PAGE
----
I haven’t traveled this week (at least, not for work). As a result of that, I’ve sat at home, where I tend to have somewhat higher social media consumption. I therefore couldn’t help but see this post about “confessing coding sins.”
Twitter has, apparently, overflowed with established software developers ‘confessing’ that they would fail Gigantech Inc’s whiteboard/trivia interviews. I’d like to go on record to point out that I ranted about the foolishness of this practice long before DHH made doing so cool with this tweet.
Hello, my name is David. I would fail to write bubble sort on a whiteboard. I look code up on the internet all the time. I don’t do riddles.
— DHH (@dhh) February 21, 2017
Here we have legendary techie David Heinemeier Hansson confessing that the Silicon Valley Gigantechs of the world would fail him out of their phone screens. His tweet offers a compelling symmetry. After all, when a cranky Thomas Edison invented the ineffective fad known as the “job interview” (that we haven’t bothered to revisit in the last 100 years), his interview would have failed Albert Einstein.
So, when it comes to the humble job interview, we at least know that it’s consistent. It fails at its only job just as miserably today as it did in the beginning. All of the MegaTechs out there in The Valley (and emulators around the world) would have passed on hiring meteoric value-creator DHH, thus calling into question the ubiquitous and vacuous claim of every company out there that “we only hire the best and brightest.”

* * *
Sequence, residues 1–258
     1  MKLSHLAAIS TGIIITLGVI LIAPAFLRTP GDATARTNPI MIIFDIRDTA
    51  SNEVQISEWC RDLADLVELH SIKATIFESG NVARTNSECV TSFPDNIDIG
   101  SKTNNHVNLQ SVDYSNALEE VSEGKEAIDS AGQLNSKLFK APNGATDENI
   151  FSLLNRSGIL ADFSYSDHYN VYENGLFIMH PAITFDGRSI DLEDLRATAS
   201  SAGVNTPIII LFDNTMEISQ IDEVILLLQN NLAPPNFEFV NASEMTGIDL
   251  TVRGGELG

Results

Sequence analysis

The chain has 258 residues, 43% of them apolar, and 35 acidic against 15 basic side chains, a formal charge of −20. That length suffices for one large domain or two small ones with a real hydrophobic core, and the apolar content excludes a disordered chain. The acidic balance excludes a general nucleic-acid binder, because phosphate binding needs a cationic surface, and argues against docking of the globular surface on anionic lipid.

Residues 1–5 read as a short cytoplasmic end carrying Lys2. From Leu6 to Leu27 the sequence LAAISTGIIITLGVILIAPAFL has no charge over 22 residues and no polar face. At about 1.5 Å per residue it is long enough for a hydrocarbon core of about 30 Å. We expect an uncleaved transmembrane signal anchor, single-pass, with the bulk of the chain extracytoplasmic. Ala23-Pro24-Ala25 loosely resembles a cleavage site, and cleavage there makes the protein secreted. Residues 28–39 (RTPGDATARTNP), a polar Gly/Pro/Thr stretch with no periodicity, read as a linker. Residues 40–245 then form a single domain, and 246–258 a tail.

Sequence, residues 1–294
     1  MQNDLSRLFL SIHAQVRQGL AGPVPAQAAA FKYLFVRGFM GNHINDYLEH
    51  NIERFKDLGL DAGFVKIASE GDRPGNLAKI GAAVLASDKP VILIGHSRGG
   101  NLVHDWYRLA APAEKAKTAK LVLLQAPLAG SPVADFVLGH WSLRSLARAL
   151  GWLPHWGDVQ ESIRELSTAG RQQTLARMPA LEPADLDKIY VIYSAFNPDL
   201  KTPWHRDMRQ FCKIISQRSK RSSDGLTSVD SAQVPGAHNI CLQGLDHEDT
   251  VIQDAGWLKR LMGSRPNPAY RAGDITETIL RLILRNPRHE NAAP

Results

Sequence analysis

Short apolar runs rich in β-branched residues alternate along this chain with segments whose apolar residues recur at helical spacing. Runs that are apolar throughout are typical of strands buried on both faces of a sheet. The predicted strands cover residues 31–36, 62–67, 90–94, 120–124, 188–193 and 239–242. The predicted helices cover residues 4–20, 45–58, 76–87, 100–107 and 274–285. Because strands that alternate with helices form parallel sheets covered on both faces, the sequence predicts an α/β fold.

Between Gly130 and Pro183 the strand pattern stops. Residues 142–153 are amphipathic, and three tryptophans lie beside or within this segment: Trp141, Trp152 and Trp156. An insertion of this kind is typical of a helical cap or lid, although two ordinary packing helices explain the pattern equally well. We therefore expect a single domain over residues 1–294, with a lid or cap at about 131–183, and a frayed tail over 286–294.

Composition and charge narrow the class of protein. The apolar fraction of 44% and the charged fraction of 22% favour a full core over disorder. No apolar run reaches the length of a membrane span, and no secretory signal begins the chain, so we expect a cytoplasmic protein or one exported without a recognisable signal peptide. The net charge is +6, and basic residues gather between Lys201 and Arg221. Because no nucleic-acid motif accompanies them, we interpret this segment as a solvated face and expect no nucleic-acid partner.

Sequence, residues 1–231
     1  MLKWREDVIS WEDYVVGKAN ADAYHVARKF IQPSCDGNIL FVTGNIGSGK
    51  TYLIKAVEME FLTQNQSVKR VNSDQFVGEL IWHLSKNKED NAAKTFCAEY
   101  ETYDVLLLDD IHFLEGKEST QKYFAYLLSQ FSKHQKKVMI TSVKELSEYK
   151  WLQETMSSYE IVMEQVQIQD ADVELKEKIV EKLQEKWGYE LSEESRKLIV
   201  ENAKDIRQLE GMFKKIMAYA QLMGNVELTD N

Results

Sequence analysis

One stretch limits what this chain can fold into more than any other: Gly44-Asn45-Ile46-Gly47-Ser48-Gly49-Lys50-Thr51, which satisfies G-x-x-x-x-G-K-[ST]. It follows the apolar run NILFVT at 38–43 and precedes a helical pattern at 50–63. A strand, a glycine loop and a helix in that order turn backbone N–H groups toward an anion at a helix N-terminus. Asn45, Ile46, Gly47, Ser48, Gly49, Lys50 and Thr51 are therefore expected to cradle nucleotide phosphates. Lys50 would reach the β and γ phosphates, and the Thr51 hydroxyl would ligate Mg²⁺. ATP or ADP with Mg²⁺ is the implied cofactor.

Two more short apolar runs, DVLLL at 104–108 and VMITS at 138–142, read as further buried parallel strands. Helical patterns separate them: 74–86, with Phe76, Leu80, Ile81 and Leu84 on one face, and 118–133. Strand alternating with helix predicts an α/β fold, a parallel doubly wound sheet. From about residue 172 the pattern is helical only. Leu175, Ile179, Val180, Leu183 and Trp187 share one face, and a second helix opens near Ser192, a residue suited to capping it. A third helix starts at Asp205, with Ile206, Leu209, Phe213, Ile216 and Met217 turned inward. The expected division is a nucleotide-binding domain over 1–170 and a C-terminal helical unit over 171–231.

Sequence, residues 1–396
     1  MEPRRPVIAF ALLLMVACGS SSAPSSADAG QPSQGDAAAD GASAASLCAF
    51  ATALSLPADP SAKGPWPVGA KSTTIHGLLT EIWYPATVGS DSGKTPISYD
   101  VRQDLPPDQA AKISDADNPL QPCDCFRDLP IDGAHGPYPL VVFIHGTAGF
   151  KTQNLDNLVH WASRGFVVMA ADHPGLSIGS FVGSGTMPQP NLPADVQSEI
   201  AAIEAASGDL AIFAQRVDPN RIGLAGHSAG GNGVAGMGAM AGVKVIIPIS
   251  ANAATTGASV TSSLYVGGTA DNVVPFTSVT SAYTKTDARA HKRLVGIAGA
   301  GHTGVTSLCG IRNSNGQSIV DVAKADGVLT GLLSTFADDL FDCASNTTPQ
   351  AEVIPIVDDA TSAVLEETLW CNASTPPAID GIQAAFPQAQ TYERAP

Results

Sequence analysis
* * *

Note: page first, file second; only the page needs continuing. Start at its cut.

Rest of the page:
But let’s come back to DHH a little later. First, to celebrate the coming spring, I want to talk about baseball.
Wins Above Replacement (WAR)
Even if you don’t enjoy the sport of baseball, you should at least appreciate it for its data. Unlike many sports out there, baseball happens transactionally. The pitcher throws a pitch, and then a bunch of easily recorded stuff happens before play stops and this all starts over. Oh, and we’ve kept logs of this going back 150 years or so. This property has given rise to an entire discipline of statistics called sabermetrics. So even if you don’t like home runs and hot dogs, you can at least appreciate the Big Data.
Baseball has a fascinating stat known by industry nerds as “Wins above Replacement (WAR).” I’ll quote them directly on the meaning.
WAR offers an estimate to answer the question, “If this player got injured and their team had to replace them with a freely available minor leaguer or a AAAA player from their bench, how much value would the team be losing?”
Let me parse out the baseball jargon and simplify. It asks, “how much value (in wins) does this player provide compared to an unremarkable replacement?” Modern baseball clubs wager hundreds of millions of dollars answering this question. A player with WAR above 5 commands that kind of money whereas one with a negative WAR gets a pat on the butt and an imminently unremarkable minor league contract.
WAR ain’t perfect. But it pretty reasonably approximates player financial value.
What does any of this have to do with the job interview or whiteboard coding algorithms? Well, the job interview represents the business world’s ludicrous attempt to calculate VAR (value above replacement) of prospective hires.